World Library  
Flag as Inappropriate
Email this Article

Warwick Smith

Warwick Smith
Born (1971-06-11) 11 June 1971
Perth, Scotland
Skip Warwick Smith
Third David Smith
Second Sandy Reid
Lead Ross Hepburn
World Championship
9 (1996, 1998, 1999, 2002, 2003, 2004, 2006, 2007, 2010)

Warwick B. Smith (born 11 June 1971 in Perth) is a Scottish curler from Bridge of Earn, Perth and Kinross.


Smith made his international debut at the 1996 World Curling Championships as the skip for the Scotland team. His debut was fairly successful, as the team would win the silver medal, losing to Canada's Jeff Stoughton in the final.

At the 1998 Championships, Warwick would play third for David Smith and the team finished in 4th place. The following year Warwick played third for Hammy McMillan and won gold, this time beating Jeff Stoughton's team in the final.

Smith was a member of the Great Britain 2002 Winter Olympics curling team. He played third for McMillan, but the team finished a disappointing 7th place. At that year's World Championship, Warwick skipped the Scotland team to a bronze medal. The following year, he skipped a team to a 7th place finish. In 2004 he played third for Ewan MacDonald and finished 5th.

At the 2006 Winter Olympics, Smith played second for David Murdoch and finished 4th, but Smith had the highest accuracy of any curler in the men's competition round robin. The team then went on to win the World Championship.

For the next season, Smith built a new team with Ross Hepburn as lead, David Smith (no relation) as second, and Craig Wilson as third. After winning the Scottish Championship, they represented Scotland at the 2007 World Championship, with Ewan MacDonald being the alternate player. The team did not fare well there, compiling a 4-7 record and finishing 9th.


  • "World Curling Federation - Player Statistics: Warwick Smith". Retrieved 2007-04-01. 
  • Haggerty, Mike (2007-02-26). "Smith holds nerve to skip Perth to Scottish Championship glory". Retrieved 2007-04-01. 

External links

This article was sourced from Creative Commons Attribution-ShareAlike License; additional terms may apply. World Heritage Encyclopedia content is assembled from numerous content providers, Open Access Publishing, and in compliance with The Fair Access to Science and Technology Research Act (FASTR), Wikimedia Foundation, Inc., Public Library of Science, The Encyclopedia of Life, Open Book Publishers (OBP), PubMed, U.S. National Library of Medicine, National Center for Biotechnology Information, U.S. National Library of Medicine, National Institutes of Health (NIH), U.S. Department of Health & Human Services, and, which sources content from all federal, state, local, tribal, and territorial government publication portals (.gov, .mil, .edu). Funding for and content contributors is made possible from the U.S. Congress, E-Government Act of 2002.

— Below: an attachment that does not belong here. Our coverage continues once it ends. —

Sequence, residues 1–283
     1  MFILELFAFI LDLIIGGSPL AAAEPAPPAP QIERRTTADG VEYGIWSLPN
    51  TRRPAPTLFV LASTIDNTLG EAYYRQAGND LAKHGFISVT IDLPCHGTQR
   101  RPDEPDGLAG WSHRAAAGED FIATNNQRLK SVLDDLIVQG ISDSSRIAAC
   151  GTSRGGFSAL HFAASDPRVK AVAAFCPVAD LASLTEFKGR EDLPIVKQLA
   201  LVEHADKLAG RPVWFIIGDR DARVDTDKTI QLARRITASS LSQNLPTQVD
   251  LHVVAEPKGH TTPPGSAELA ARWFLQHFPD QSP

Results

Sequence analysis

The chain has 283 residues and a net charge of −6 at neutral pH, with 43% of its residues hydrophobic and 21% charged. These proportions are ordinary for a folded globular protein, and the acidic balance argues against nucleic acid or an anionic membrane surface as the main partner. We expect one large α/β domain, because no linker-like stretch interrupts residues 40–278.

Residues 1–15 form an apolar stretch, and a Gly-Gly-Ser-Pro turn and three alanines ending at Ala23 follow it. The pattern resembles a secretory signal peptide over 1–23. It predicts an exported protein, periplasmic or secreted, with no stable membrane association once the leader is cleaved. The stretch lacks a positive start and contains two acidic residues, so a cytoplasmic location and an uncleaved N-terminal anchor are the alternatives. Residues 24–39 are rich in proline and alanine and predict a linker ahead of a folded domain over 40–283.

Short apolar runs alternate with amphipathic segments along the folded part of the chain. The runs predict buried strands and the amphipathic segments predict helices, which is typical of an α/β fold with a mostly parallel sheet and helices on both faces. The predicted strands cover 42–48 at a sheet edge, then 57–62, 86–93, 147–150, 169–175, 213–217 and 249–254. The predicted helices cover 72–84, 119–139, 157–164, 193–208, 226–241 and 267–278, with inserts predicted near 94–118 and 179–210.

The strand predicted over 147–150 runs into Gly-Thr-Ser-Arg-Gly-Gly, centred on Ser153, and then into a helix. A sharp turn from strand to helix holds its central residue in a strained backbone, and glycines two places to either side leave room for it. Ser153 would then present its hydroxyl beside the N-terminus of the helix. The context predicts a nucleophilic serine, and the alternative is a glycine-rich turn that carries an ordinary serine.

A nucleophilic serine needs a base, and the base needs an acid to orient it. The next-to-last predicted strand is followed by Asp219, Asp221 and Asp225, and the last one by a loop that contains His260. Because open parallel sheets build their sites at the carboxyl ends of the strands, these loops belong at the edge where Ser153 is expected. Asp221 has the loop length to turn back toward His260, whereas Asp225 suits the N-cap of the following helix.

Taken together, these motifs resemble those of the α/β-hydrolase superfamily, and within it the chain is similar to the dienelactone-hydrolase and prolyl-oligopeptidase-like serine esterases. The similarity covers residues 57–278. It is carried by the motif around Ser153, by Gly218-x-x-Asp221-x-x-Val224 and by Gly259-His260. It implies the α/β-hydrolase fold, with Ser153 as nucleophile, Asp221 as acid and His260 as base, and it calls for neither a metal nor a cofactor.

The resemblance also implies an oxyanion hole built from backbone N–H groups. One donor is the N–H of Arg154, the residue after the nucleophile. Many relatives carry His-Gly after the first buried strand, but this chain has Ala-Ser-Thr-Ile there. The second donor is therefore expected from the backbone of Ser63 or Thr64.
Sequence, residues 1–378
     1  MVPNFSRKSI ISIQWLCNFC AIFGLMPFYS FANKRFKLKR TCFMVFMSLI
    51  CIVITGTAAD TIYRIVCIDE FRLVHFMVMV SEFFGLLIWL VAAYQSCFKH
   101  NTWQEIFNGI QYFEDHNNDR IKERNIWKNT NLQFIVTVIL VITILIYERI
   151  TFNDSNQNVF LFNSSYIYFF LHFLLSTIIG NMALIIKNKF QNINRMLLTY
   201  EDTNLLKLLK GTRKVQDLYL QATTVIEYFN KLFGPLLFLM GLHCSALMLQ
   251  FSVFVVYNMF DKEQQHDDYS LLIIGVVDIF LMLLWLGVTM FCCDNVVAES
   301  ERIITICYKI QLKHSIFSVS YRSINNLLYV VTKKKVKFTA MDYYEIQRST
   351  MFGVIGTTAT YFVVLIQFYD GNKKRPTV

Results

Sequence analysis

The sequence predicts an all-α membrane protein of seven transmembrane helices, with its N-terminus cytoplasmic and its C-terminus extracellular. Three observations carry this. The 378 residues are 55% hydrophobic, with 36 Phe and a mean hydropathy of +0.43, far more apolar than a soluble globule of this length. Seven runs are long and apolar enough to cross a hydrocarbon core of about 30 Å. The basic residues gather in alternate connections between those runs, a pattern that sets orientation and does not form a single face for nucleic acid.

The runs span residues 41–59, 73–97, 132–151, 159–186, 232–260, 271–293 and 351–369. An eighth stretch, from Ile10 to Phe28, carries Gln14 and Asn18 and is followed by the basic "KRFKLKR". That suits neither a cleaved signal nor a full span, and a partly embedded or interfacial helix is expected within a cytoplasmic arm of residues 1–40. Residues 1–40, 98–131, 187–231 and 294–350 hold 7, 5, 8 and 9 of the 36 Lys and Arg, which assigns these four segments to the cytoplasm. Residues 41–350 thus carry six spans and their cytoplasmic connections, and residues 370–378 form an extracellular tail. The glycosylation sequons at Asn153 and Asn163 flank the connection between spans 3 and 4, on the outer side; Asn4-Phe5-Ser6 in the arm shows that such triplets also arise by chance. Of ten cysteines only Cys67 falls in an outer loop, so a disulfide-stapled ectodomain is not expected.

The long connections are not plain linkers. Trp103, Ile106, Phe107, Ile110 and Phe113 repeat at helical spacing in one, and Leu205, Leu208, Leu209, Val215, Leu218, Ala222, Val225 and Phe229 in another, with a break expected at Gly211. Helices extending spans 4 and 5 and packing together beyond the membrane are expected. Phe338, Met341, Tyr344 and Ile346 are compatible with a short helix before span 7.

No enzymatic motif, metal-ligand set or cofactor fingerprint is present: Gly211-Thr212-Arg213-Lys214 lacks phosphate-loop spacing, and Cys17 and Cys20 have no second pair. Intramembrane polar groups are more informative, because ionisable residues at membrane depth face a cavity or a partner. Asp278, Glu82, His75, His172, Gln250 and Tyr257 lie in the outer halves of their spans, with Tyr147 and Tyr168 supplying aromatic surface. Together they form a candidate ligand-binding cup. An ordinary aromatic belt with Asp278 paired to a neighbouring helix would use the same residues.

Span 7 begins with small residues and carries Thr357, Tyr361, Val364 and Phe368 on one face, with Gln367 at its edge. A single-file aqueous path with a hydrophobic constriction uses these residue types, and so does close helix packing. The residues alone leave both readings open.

Crowd sourced content that is contributed to World Heritage Encyclopedia is peer reviewed and edited by our editorial staff to ensure quality scholarly research articles.
By using this site, you agree to the Terms of Use and Privacy Policy. World Heritage Encyclopedia™ is a registered trademark of the World Public Library Association, a non-profit organization.

Copyright © World Library Foundation. All rights reserved. eBooks from Project Gutenberg are sponsored by the World Library Foundation,
a 501c(4) Member's Support Non-Profit Organization, and is NOT affiliated with any governmental agency or department.